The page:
The full impact of Brexit on the global travel industry has not yet been felt, reveals research released today by WTM London.
Some 700 senior professionals from around globe contributed to the WTM Industry Report, and were asked whether their business had felt any specific Brexit-related pressures, so far.
Almost half (45 per cent) said they hadn’t noticed any difference in 2021 because of Brexit.
Of those who acknowledged a Brexit effect, the response was overwhelmingly net negative.
Only eight per cent noted a positive impact compared with 24 per cent highlighting a negative.
The balance, representing one-in-four (23 per cent) of the industry, were unsure or did not know the extent to which Brexit was a factor in their 2021 performance.
The UK officially left the European Union, with a trade deal, at the end of 2020.
The UK/EU trade deal has already resulted in some regulatory changes that will impact inbound and outbound travel between the UK and the remaining member states.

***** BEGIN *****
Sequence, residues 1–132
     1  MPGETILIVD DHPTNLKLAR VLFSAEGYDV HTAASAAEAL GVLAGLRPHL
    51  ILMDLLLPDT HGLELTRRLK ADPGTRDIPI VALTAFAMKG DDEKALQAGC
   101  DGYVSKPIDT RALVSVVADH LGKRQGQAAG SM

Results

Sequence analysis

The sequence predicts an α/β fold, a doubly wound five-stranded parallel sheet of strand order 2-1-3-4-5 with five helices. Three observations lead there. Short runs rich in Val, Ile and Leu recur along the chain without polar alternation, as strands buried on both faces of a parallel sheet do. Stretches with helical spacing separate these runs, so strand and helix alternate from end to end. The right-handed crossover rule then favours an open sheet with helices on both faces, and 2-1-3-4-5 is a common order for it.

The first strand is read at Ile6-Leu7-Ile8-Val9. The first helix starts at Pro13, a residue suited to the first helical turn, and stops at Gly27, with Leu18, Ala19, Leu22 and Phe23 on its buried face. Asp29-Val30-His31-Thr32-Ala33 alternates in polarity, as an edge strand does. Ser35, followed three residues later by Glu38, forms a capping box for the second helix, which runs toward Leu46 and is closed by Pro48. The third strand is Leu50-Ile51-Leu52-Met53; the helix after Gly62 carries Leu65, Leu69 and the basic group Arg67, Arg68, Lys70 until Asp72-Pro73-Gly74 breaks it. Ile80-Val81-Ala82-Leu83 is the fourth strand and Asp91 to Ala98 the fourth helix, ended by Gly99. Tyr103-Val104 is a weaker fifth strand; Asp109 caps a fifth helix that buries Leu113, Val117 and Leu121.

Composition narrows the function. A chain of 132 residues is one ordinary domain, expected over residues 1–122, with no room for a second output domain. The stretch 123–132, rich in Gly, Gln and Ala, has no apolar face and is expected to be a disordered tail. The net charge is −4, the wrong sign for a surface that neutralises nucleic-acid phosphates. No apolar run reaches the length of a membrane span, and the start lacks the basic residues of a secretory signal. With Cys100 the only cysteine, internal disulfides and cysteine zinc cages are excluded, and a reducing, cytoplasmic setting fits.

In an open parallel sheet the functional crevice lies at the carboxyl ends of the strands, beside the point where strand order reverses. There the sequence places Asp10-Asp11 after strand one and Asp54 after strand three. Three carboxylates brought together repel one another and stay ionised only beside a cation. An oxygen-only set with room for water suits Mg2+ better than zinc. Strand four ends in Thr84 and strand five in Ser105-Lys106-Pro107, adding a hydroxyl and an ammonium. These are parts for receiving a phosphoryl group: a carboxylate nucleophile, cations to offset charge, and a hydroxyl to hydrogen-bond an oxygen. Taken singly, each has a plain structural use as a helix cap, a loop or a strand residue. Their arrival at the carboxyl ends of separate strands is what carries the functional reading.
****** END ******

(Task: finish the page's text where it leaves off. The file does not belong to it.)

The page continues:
Many of the UK’s biggest mobile phone operators have announced the end of surcharge-free roaming for travellers, as was required by law when the UK was part of the EU.
This change will add to the cost of a trip for many and damage the in-destination experience for some.
Potential issues around passport expiry dates, driving licences, insurance, staffing levels at resorts, immigration lines at airports, and more, are likely to persist into next year, alongside the issues related to Covid-19.
There will also be a combined Brexit/Covid impact on businesses as well as consumers. Recruiting staff will be different, while the complexities remain around cross-border tax, refunds, fulfilment and accounting.
Simon Press, exhibition director, WTM London, said: “To some extent, the industry so far has dodged the Brexit bullet because the Covid crisis overshadowed and dominated what would have been the first peak holiday season of the Brexit era.
“But as Covid restrictions start to ease, Brexit-related concerns around visas, financial protections, security, duty-free allowances, health cover and so on will come to the fore once more.
“These changes will need to be considered – and applied – in the context of the post-Covid travel landscape.
“The industry needs to get ready for Brexit again, in terms of not only our own business operations but also how we let customers know about the new requirements.
“WTM London helped businesses prepare the first time around and will continue to offer insights and education as Brexit reasserts itself into the travel conversation.”